Even though they’re considered a “simple pleasure”, flowers can actually be pretty expensive. Sure, you can get some carnations or spray roses for a few bucks, but if you’re hoping to make an impact with your floral arrangement, you’re usually looking at quite a bit of money.  Since I like to have fresh flowers in the house pretty much all the time, I’ve had to figure out ways to get more for less.

When you break it down, the two components that make or break a floral arrangement are (1) the vessel/vase and (2) the flowers themselves. So let’s talk about how you get the best deals on both.
I have several sources for inexpensive vases and vessels. Thrift stores, craft stores (when they’re 50% off), Target (when they go on clearance), Pier 1, Ross Dress for Less, and Home Goods/Marshall’s/TJ Maxx. I’ve amassed a sizable (bordering on hoarder-ish) collection of vases in my basement that I cycle through based on the season.
I’m always keeping an eye out for interesting vases. If I’m at the thrift store, I’m looking for vessels/vases that they just don’t make anymore. I’m definitely bypassing those plain glass vases that come with the flowers that your aunt sends you for your birthday every year. Those are boring and useless (my opinion). Don’t waste your money. Always keep an eye out for a good deal on a unique vase, even if you don’t need it at that moment.  As you can see from the picture above, I love groupings of vases, and so finding complementary vases (while not being matchy-matchy) is another objective of mine when vase and vessel shopping.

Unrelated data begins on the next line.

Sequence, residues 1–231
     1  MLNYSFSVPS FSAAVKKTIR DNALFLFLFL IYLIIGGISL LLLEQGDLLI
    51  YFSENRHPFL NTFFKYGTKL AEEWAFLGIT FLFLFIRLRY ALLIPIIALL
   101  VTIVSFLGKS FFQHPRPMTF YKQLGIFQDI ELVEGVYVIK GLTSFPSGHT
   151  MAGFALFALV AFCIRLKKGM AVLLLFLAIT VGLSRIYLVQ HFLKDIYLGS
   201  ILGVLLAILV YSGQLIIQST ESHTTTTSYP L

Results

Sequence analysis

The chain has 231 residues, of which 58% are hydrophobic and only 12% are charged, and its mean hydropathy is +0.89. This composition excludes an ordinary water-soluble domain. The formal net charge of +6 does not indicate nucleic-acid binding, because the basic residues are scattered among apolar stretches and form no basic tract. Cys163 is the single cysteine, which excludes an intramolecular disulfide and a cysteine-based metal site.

For flowers, you really won’t do better than your local farmer’s market for budget-friendly floral options. Trader Joe’s is the next best option, in my opinion. Where I live, Harris Teeter and Publix are our main grocery stores and they carry decent selections at decent prices, but still fall short of the variety and value that I’ve found at our area farmer’s markets and TJ’s.
While it may sound counter-intuitive, in some situations, deconstructing an already-assembled bouquet is your best bet. Deconstructing is visually effective, plus it really stretches your dollar. In example, for the arrangement pictured above, I picked up a $10 bouquet from the farmer’s market this past weekend. It wasn’t a huge arrangement, but had a nice variety of blooms. When I got it home, I pulled out eight or so vases and went to work on breaking the bouquet up into parts to fill each of the vases. Some vases I kept very simple – just a single stem. For others, I mixed different kinds and colors. Just go with what you like, what pleases your eye.
With that said, I do NOT recommend trying the ‘deconstructing’ technique with grocery-store bouquets. There’s such a big mark-up on them already, that it won’t be your most economical option. Just buy a few different kinds of the $4 selections and work with those.
Flowers can and should be everyday indulgences. I’m anticipating that this topic will become a series where I’ll post new ideas on ways to stretch your flower-buying dollar.
Until then….